Classic Prof wrote:Certainly in the 'dull', 'worthy' and 'earnest' stakes, Costello is head and shoulders above Weller.


Well yes exactly.

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Tom Violence
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Postby Tom Violence » 08 Jul 2006, 00:18

Jeff K wrote:Album - This is the Modern World

Song - Down At the Tube Station At Midnight


I'm heartened that someone has this as their fav album (not trying to be condescending as I am a fuckwit and an ignorant one at that), I'm going to give it some more listens til I damn well like it a bit more. 8-)
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Quaco
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Postby Quaco » 08 Jul 2006, 00:44

I always liked This Is the Modern World the best too, for some reason. Probably because it seemed to display the most Who-like tendencies: "I Need You" (same title as a Who song [and a Beatles song]) is very harmonic and Anglophilic), there are some filler songs that still sweat ("London Traffic", "Don't Tell Them You're Sane"), there's a rocked-up R&B cover ("In the Midnight Hour"), the Foxton jump on the back is fantastic and great to look at while you're listening to the album, and in general there is more of a Townshend-anthem approach ("Standards" and "This Is the Modern World" trying to be like "My Generation"), rather than the observational style Weller later adopted (which probably came more from Ray Davies). In general, I think I gravitate toward transition albums, like this one and A Quick One. Plus, "I Need You" and "Tonight at Noon" are two of my very favorite Jam tracks.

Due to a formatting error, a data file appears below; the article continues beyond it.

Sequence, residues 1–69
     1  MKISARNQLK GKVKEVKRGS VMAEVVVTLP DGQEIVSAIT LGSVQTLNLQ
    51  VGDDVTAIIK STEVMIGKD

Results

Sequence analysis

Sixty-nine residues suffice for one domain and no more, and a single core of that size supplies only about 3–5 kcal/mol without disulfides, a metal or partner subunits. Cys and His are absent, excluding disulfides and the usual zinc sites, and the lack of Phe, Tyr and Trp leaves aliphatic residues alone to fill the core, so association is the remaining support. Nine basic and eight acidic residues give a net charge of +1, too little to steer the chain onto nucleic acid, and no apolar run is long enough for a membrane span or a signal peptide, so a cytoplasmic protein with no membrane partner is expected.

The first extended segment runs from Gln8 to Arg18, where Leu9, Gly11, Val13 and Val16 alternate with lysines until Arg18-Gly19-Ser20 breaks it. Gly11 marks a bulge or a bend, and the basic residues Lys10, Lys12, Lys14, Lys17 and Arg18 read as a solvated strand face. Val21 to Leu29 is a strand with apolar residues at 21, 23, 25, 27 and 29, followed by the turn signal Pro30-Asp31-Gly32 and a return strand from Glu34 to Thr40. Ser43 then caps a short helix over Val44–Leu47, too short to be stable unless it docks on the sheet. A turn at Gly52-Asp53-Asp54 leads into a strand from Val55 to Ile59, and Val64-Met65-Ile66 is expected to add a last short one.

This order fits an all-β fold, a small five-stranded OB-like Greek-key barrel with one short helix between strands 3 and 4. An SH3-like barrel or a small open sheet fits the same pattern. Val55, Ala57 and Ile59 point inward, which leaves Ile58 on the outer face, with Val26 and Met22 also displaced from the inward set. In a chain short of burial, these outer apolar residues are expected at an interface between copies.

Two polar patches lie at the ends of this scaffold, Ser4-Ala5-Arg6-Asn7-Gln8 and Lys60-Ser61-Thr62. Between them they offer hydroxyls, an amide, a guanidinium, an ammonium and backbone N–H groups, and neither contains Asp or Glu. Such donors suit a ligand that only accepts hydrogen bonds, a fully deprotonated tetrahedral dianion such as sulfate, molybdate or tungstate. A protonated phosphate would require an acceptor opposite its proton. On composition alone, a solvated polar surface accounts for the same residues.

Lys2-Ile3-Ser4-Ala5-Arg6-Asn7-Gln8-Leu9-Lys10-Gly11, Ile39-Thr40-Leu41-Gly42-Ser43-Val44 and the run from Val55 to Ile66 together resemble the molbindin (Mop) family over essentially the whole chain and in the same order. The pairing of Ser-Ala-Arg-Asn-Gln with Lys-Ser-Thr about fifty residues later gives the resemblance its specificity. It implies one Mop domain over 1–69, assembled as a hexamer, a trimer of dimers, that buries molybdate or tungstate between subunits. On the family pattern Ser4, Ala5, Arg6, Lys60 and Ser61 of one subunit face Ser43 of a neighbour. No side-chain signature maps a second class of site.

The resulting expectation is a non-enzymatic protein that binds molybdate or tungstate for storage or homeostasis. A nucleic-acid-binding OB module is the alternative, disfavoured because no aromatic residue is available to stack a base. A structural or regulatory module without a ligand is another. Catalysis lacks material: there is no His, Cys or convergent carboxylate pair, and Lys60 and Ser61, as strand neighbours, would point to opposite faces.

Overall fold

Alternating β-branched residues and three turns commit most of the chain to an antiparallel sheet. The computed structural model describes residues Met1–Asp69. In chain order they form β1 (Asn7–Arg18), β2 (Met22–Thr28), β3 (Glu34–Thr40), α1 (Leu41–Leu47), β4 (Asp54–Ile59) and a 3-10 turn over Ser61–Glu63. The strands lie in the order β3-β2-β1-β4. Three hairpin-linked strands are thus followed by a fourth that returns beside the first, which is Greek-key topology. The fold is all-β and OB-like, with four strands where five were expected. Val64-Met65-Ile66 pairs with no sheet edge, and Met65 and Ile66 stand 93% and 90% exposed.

Album: This Is the Modern World.
Song: "Away from the Numbers" ... oh yes, still powerful.
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Postby king feeb » 08 Jul 2006, 01:05

Favorite album: Sound Affects

Favorite song: "I've Changed My Address" (from the first four notes, it makes me want to bounce around the room, slamming into shit. I'm healing nicely, thank you.)
Last edited by king feeb on 08 Jul 2006, 03:54, edited 1 time in total.
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Postby Shagger Dave » 08 Jul 2006, 03:51

Album- Sound Affects

Song- Art School. Not Wellers most polished or erudite moment but like Feeb said above, it make me wanna jump around the room.
He tries.

The Modernist

Postby The Modernist » 08 Jul 2006, 10:45

The Giraffe wrote:
toomanyhatz wrote:Song - Dreams of Children. It and Going Underground- another great song- is their best single by a large margin.


that's just silly.